Here is a nicely topical blog post from our accomplished guest blogger, Jay Martini.

From Jay:

When I stopped at the local convenience store early this morning to pick up a cup of coffee and the newspaper, I glanced down when paying and saw a flash of red on the front page. Instinctively, I figured it was blood...or tomatoes.

Unfortunately, it was the latter. Behind a mondo-point headline "Feeling The Squeeze", the Chicago Sun-Times had decided that the tomato shortage story deserved front page tabloid-style status in its major metropolitan newspaper. And given the erosion (I love that word) of the print media industry recently, I was frankly expecting another sensationalist pile-on.

But I was wrong. On page 7 (sorry, tomato story--multiple murders in a nice suburb trumped you on page 3), there was a short but fairly accurate portrayal--"Fresh Tomatoes Are In Short Supply"--of the situation. It included the obligatory terminal market man quote, a la Hotel California--"We haven't seen anything like this since 1989", and the basically factual but inherently faulty fast-food response:

"At Wendy's, which has about 6,200 restaurants in the United States, "We are offering tomatoes to customers by request only," said Denny Lynch, a company spokesman. That's based on limited supply and the "inconsistent" quality."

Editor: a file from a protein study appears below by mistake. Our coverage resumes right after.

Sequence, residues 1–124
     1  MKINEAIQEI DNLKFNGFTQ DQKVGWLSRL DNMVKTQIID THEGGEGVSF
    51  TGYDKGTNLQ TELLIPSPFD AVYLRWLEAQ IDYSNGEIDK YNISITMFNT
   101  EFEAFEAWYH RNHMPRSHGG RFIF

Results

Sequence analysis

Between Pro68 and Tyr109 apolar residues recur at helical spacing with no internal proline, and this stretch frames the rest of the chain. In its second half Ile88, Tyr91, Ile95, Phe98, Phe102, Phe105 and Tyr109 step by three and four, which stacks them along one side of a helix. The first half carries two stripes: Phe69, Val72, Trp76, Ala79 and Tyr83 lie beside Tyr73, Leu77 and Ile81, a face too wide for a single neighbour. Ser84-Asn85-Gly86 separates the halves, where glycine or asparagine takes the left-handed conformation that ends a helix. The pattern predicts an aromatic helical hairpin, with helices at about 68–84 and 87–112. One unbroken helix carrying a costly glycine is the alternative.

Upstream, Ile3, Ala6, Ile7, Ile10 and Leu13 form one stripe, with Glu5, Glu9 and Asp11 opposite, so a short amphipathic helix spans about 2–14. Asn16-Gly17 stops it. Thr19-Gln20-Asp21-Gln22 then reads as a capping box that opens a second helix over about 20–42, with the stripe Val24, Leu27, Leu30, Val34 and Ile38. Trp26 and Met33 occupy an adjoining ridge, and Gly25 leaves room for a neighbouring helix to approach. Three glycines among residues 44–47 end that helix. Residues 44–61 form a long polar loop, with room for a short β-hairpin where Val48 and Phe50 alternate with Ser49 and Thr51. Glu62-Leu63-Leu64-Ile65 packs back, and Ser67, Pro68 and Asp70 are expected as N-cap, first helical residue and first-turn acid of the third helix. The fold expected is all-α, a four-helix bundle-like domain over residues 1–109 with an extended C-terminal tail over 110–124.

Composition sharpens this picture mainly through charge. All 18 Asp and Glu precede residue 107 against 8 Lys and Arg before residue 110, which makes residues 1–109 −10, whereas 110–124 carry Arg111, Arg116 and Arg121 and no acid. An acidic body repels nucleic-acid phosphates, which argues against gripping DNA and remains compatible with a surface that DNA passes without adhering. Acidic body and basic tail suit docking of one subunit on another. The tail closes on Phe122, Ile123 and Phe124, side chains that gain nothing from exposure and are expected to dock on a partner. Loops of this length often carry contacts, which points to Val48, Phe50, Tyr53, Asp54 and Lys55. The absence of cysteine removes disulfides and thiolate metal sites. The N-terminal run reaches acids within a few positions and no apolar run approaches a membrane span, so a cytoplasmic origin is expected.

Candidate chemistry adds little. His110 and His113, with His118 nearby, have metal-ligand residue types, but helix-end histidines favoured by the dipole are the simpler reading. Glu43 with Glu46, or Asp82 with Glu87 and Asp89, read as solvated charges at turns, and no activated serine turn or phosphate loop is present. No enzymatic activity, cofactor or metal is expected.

In my never-ending search for the truth, I visited one of those Wendy's drive-thru establishments the other night and discovered that the request-only sign was taped to the pay window instead of the ordering machine, meaning that unless the ordering party--me--had advance knowledge of the sign further down the lane, I would have to shout the word 'tomato' to the ordering speaker to get some.

So I've deduced that Wendy's, to their credit, are not removing tomatoes from their sandwiches, but are in reality gauging the 'want-to' of the tomato-eating public and managing risk at the same time. Interesting concept, and maybe a vehicle to tweak their buying practices as well. Does it bode well for tomato consumption as a whole? I guess it can't be any worse than grower prices being driven into the stratosphere without any regard for the other shoe dropping when supply returns.

Next mission, should I decide to accept it, will be to order 'everything' and hope I'm not taken literally. Until then.